Another of those things that the Empire confiscated in the colonial times – and I don’t mean the Elgin Marbles.
We have adopted the original rice-bean vehicle, or possibly the rice-lentil combo, which of course at source had nothing to do with haddock, let alone smoked. The origins of chicken tikka masala, here we come. Kedgeree - a strange concoction of rice, eggs and fish was born, served on a silver salver. Weren’t those good old days?
No, not quite. I do quite dislike western adaptations of original indigenous dishes, should they be the apparently innocuous carbonara with cream, or chop suey – or kebabs, in western interpretation anything threaded on a stick*. But kedgeree is a good dish where the combination of hot smoked fish and prawns with lightly spiced rice works as well as paella. I never cease to be amazed at those similarities across the globe.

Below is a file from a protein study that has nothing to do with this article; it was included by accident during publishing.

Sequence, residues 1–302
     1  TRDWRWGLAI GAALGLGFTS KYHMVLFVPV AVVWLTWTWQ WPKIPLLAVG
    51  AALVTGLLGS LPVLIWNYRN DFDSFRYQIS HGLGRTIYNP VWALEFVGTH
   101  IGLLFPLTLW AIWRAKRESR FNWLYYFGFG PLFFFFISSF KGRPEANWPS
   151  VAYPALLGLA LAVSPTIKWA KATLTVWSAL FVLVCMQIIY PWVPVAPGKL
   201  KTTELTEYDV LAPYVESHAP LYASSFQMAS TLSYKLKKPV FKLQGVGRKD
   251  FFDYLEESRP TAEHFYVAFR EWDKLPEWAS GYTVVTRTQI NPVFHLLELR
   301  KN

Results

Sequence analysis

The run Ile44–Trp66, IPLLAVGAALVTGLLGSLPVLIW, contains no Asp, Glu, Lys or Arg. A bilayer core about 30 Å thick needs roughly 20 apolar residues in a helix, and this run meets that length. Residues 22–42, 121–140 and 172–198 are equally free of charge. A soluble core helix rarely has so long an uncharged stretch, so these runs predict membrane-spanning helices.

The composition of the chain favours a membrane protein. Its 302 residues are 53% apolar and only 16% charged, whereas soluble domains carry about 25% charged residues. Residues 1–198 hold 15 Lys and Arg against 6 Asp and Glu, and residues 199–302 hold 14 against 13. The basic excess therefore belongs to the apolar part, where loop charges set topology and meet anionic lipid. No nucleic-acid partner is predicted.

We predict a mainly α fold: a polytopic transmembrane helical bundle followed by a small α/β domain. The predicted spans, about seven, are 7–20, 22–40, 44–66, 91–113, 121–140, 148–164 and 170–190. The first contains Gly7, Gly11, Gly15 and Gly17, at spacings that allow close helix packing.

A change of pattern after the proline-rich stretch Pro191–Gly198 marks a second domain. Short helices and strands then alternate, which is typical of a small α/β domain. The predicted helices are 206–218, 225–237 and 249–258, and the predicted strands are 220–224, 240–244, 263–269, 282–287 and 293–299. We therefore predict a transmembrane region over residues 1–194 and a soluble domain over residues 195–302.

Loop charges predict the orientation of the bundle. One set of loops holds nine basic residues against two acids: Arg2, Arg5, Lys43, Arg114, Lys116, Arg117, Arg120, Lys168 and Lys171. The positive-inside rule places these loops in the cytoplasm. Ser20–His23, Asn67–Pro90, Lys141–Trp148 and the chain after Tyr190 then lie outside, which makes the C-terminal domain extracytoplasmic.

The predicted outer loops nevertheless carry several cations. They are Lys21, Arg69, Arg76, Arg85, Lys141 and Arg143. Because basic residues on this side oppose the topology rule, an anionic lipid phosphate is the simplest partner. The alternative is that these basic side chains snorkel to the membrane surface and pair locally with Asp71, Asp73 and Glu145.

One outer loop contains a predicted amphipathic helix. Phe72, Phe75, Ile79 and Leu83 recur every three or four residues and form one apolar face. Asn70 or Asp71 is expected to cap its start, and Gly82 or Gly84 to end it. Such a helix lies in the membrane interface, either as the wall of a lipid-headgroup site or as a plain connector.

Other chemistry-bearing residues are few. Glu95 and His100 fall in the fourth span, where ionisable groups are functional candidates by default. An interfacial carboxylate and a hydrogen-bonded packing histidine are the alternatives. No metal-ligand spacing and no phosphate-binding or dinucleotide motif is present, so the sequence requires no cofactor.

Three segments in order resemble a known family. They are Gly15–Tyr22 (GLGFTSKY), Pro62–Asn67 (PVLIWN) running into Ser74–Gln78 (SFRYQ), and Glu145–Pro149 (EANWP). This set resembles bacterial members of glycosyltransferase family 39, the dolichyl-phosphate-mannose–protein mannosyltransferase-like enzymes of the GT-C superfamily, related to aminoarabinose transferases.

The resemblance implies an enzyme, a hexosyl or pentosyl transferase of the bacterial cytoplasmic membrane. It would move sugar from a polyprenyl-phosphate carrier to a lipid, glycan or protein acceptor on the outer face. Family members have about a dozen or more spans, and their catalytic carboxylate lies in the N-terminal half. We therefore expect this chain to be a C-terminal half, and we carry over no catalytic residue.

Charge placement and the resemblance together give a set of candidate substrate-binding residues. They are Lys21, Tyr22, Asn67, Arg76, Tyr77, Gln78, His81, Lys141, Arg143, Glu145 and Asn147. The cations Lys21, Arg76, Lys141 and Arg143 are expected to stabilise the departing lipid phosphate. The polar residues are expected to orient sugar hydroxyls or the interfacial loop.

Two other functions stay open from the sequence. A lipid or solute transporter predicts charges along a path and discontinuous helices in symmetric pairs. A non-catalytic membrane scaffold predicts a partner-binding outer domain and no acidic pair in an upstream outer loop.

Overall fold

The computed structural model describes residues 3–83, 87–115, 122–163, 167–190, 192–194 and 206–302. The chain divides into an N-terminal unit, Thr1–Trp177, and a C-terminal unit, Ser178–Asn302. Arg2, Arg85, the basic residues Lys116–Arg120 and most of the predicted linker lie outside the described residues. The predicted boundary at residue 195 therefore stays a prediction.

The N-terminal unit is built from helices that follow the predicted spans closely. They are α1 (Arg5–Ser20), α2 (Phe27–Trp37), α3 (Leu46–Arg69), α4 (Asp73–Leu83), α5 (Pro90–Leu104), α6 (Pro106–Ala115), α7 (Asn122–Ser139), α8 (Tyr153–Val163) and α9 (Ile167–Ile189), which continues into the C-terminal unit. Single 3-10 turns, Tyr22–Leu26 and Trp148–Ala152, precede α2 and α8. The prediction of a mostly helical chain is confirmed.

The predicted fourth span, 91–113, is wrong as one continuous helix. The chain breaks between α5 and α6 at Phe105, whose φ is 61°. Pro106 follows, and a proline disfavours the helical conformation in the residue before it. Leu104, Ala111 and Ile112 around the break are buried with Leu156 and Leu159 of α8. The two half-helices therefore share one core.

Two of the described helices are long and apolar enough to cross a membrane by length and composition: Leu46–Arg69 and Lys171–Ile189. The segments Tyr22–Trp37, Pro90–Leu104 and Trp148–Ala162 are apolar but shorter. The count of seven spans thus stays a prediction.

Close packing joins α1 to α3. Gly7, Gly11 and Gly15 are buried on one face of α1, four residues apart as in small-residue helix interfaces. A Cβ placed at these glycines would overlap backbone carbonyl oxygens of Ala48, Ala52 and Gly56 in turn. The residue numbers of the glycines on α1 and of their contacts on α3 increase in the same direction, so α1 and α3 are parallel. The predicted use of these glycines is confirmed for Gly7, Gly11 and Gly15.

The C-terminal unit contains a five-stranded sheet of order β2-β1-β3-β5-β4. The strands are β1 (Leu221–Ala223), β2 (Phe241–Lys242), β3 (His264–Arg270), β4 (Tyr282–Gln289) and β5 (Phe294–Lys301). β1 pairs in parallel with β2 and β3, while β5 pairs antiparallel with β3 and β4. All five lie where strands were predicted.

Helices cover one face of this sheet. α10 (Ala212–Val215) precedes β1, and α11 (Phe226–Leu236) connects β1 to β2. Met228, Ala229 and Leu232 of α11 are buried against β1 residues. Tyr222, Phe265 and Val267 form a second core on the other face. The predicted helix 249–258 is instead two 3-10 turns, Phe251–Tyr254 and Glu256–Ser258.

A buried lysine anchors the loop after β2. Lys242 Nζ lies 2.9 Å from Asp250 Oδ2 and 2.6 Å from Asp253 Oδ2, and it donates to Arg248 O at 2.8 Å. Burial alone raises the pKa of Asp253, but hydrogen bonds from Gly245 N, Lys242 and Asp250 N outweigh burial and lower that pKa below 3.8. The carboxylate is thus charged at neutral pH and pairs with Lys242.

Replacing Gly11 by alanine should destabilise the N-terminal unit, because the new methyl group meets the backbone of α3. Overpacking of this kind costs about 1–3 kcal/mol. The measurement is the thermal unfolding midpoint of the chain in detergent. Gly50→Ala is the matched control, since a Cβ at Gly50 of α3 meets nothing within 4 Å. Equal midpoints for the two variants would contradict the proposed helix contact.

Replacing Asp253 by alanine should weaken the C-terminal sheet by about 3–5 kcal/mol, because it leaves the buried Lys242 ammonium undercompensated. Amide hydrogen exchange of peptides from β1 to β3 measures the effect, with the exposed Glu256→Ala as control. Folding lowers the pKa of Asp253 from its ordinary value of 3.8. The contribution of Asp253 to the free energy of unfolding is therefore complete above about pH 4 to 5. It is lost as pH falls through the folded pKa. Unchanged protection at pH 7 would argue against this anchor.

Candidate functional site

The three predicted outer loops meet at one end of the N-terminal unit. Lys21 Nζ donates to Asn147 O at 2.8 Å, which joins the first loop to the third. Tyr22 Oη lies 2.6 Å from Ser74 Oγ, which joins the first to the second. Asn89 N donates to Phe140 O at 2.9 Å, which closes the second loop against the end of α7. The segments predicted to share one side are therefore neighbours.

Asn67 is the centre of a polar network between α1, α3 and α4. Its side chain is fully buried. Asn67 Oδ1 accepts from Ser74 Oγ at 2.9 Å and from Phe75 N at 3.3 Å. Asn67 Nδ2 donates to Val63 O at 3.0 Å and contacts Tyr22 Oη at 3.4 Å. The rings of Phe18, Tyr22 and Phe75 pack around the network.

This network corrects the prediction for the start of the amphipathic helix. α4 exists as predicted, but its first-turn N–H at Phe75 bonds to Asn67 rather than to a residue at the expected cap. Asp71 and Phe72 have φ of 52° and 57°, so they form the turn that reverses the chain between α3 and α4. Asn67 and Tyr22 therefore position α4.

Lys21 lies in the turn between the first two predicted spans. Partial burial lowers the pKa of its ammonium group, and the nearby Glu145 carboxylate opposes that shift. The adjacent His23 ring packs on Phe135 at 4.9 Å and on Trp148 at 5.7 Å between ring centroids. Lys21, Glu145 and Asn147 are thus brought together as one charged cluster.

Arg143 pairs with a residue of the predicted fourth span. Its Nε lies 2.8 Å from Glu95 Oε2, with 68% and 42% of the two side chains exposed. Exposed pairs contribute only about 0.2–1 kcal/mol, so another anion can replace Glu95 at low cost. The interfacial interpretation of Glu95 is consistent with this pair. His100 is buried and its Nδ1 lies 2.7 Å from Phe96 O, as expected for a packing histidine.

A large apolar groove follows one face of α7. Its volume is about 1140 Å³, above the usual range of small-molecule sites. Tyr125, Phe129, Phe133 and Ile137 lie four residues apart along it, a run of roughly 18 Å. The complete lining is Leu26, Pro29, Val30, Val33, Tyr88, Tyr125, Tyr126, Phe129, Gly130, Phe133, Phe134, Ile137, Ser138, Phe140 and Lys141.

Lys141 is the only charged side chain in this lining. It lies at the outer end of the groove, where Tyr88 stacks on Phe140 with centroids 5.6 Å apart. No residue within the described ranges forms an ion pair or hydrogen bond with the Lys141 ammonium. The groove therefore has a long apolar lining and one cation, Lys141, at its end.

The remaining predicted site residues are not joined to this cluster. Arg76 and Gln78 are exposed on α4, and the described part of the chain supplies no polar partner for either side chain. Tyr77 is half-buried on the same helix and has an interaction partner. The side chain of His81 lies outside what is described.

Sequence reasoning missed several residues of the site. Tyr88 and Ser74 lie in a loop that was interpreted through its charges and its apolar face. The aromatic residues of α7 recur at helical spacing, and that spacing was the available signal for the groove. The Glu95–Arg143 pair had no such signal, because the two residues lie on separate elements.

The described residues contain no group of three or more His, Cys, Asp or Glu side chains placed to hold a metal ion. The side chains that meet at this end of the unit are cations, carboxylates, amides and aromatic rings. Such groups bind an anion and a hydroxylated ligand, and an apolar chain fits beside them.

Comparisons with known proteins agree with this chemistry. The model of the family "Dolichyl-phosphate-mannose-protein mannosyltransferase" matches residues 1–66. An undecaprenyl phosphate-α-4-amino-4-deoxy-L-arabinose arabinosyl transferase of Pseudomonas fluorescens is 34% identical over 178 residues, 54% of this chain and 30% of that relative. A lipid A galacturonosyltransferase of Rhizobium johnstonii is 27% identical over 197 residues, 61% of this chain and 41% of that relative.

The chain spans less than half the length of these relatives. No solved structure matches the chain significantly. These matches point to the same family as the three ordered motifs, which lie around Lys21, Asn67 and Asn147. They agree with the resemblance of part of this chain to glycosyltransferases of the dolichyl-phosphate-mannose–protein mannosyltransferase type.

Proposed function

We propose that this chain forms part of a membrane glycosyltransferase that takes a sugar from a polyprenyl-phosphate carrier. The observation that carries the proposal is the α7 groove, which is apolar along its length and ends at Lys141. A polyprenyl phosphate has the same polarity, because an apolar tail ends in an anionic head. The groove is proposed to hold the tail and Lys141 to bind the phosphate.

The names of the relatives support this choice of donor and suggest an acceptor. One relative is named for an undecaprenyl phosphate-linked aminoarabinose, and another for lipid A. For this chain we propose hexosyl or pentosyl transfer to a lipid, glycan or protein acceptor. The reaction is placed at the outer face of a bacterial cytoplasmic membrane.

I don’t much like smoked haddock that needs to be cooked, which features in a lot of kedgeree recipes: smoked fish for me is ready to be eaten. Also, haddock seems too much of a northern fish to go into a dish of Indian of origin so I’ve replaced it with hot smoked mackerel. Breakfast? I don’t know but it’s an excellent lunch dish and a brilliant starter.
*but I might be insulting western world, as I’m told apparently the origins of kebab go back to medieval soldiers skewering meat on their swords to roast over open fire. Or bits of enemies?